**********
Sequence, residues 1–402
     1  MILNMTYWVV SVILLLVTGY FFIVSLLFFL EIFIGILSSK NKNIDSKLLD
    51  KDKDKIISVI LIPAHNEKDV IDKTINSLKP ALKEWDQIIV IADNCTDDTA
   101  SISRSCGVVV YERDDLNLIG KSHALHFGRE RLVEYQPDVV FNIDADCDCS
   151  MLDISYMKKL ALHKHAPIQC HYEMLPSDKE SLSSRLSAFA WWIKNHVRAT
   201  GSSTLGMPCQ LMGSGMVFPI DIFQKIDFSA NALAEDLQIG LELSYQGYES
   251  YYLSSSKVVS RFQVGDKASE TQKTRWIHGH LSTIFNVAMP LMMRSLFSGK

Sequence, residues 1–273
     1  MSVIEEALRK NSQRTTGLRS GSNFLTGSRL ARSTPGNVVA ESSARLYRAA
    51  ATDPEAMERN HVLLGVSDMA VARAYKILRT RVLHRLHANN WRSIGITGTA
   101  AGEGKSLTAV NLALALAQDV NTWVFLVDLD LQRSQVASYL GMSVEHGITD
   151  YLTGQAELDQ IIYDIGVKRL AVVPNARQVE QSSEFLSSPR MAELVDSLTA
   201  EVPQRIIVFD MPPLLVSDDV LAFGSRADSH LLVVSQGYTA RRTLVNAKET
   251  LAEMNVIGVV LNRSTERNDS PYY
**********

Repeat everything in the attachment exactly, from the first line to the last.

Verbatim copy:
Sequence, residues 1–402
     1  MILNMTYWVV SVILLLVTGY FFIVSLLFFL EIFIGILSSK NKNIDSKLLD
    51  KDKDKIISVI LIPAHNEKDV IDKTINSLKP ALKEWDQIIV IADNCTDDTA
   101  SISRSCGVVV YERDDLNLIG KSHALHFGRE RLVEYQPDVV FNIDADCDCS
   151  MLDISYMKKL ALHKHAPIQC HYEMLPSDKE SLSSRLSAFA WWIKNHVRAT
   201  GSSTLGMPCQ LMGSGMVFPI DIFQKIDFSA NALAEDLQIG LELSYQGYES
   251  YYLSSSKVVS RFQVGDKASE TQKTRWIHGH LSTIFNVAMP LMMRSLFSGK

Sequence, residues 1–273
     1  MSVIEEALRK NSQRTTGLRS GSNFLTGSRL ARSTPGNVVA ESSARLYRAA
    51  ATDPEAMERN HVLLGVSDMA VARAYKILRT RVLHRLHANN WRSIGITGTA
   101  AGEGKSLTAV NLALALAQDV NTWVFLVDLD LQRSQVASYL GMSVEHGITD
   151  YLTGQAELDQ IIYDIGVKRL AVVPNARQVE QSSEFLSSPR MAELVDSLTA
   201  EVPQRIIVFD MPPLLVSDDV LAFGSRADSH LLVVSQGYTA RRTLVNAKET
   251  LAEMNVIGVV LNRSTERNDS PYY